Now, Religion in the News, a report and comment on religious trends and events being covered by the media. This week’s item is from the Religious News Service: “A painting of a dark-skinned Jesus has been chosen as the winner of the National Catholic Reporter’s contest to update the image of Christ for the year 2000. The magazine calls the winning image ‘a more gentle Jesus, modeled on a woman, rather than the muscular male image of the Renaissance.’
“’Jesus of the People,’ which garnered the $2,000 first prize, was chosen by Sister Wendy Beckett, an art expert who was host to the BBC television series. ‘This is a haunting image of a peasant Jesus—dark, thick-lipped, looking out on us with ineffable dignity, with sadness but with confidence,’ she wrote of the winner.
“Entries for the contest ranged in artistic media from oil to cloth to computer creations to burnt toast. They depicted Jesus as a carpenter, a clown, and a death row inmate, and placed him on television, dancing in the streets of Jerusalem with an Arab, and sawing down his own cross.
“Sister Wendy acknowledged choosing one image was a challenge. ‘Let me emphasize that each of these works truly speaks of Jesus to our age,’ she said.”
Tom: Dave, we’ve addressed this in bits and pieces before regarding an image of Jesus—what that means. Now, some people may be offended by this politically correct character who’s now a “Jesus.” But it really affects a lot of people and how they view Jesus, and it’s not biblical.
Dave: Well, Tom, it’s not biblical, because Paul said, “Though we’ve known Christ after the flesh, yet henceforth know we him no more.” So Jesus does not look the way He looked before He was crucified. That’s what Paul was saying: “Even those of us who knew Him then.” We don’t go back to try to find some image—there are no photographs of Him. He looks now as John described Him in Revelation 1—indescribable. And John fell at His feet as dead.
So, it’s not biblical, but, Tom, it’s not logical, and again, I guess—I’m trying to not offend people, and I don’t know exactly how to say it. But what is the point of trying to make a painting or a picture, and I would just like to address this to maybe some of the Christians out there who have a picture, their favorite picture, on the wall or in their Bible. And you say, “What’s wrong with that?” Well, look, let’s say then in my wallet I carry a picture of Marilyn Monroe. And somebody says to me, “Do you have a picture of your wife?” And I say, “Yeah!” I pull it out, and it’s Marilyn Monroe. You say, “That’s Marilyn Monroe. That’s not your wife!” “Well, it’s a woman, I mean, can’t you just imagine that this is my wife?”
You say, “That’s stupid.”
Tom: Well, that’s the way—I mean I’m not saying this, really—but that’s the way if you’re carrying something like that, that’s the way you see her. That’s your image of Ruth, your wife.”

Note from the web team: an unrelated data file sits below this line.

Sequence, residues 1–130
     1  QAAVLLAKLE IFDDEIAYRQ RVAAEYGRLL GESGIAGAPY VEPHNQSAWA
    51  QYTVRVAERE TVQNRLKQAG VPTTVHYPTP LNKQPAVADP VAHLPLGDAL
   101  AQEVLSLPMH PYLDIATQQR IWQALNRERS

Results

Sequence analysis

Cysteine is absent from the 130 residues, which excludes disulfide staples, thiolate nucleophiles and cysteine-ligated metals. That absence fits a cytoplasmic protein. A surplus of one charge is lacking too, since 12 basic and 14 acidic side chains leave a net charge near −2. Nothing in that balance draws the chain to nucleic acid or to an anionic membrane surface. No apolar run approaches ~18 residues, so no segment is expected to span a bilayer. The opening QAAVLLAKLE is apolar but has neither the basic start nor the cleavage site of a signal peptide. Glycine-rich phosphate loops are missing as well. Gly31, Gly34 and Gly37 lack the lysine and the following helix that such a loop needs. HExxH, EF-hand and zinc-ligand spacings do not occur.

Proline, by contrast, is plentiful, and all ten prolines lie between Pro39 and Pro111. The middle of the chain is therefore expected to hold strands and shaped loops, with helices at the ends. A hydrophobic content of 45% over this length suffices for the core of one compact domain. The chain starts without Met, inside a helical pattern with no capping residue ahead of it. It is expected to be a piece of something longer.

Tom: Not that she’s going to be happy about it, which is an important point here.
Dave: Right, but Tom! This is not my wife, okay? So now we’ve got all of these kinds of depictions of Jesus—none of which we have any assurance looks like Jesus. Now we’ve got one sort of fashioned after a woman—it’s more effeminate than Jesus. What is the point? Two questions here: What is the point? I have a picture that I don’t even know looks like Jesus. Now to whatever extent that influences my thinking about Jesus, and it isn’t accurate, I’ve been led astray. Furthermore, why am I trying to get to know Jesus through a picture that isn’t even accurate? I have no reason to believe that it’s accurate. Is that really the way to get to know Jesus? No! That’s not the way to get to know Jesus. Or the Bible, the original manuscripts, would have had a picture of Jesus.
I get to know Him through His Word. I get to know Him in my heart. I get to know Him by faith as I walk with Him, and so forth…
Tom: Because that’s God’s revelation—not our own imagery or our own ideas. Dave, this is really interesting, because the prize was offered by the National Catholic Reporter. Now that’s a pretty liberal Catholic magazine. But Our Sunday Visitor picked up on it, and they weren’t too happy about it. I’m reading from Our Sunday Visitor.
Tom: Right. “Janet McKenzie’s ‘Jesus of the People’ is a politically correct, gender neutral cross between Oprah Winfrey and Bob Marley, complete with dreadlocks and flanked by a native feather and a yin-yang symbol.” I mean, this is totally politically correct! “McKenzie said she used a black woman as a model to ‘incorporate, once for all, women who had been so neglected and left out’ into this image of Jesus. The resulting image, she said, is ‘a man whose features reflect feminine elements.’”
Now, this is so far from God’s Word and what it says, but here we have two Catholic magazines, but the problem is more foundational than a liberal Catholic view vs. a conservative Catholic view. The Bible condemns it.
Dave: I’m not to make an image of deity.
Tom: Correct. If they believe Jesus to be God, they’re going right against the Scriptures.
Dave: Yeah, we have people—Christians, Christian psychologists visualizing Jesus, or having their clients visualize Jesus, in their mind “as you imagine him to be.” It would be an insult, you know, if my wife—I’m visualizing her as I fantasize some woman—other woman—to be…No! She is who she is. Jesus is who He is. Jesus is God. And we don’t come up with some painting that isn’t even accurate, and then that’s going to be somehow my contact with Jesus? It’s an insult to Jesus, and it’s leading people astray! And I’m concerned, but, Tom, even as we say this, then we’re labeled as fanatics who are down on pictures of Jesus…
Tom: We’ve heard that before, Dave! All we’re doing is crying out for what God’s Word says. That’s what’s going to lead people into truth and set them free.
Tom: And not what they think about us.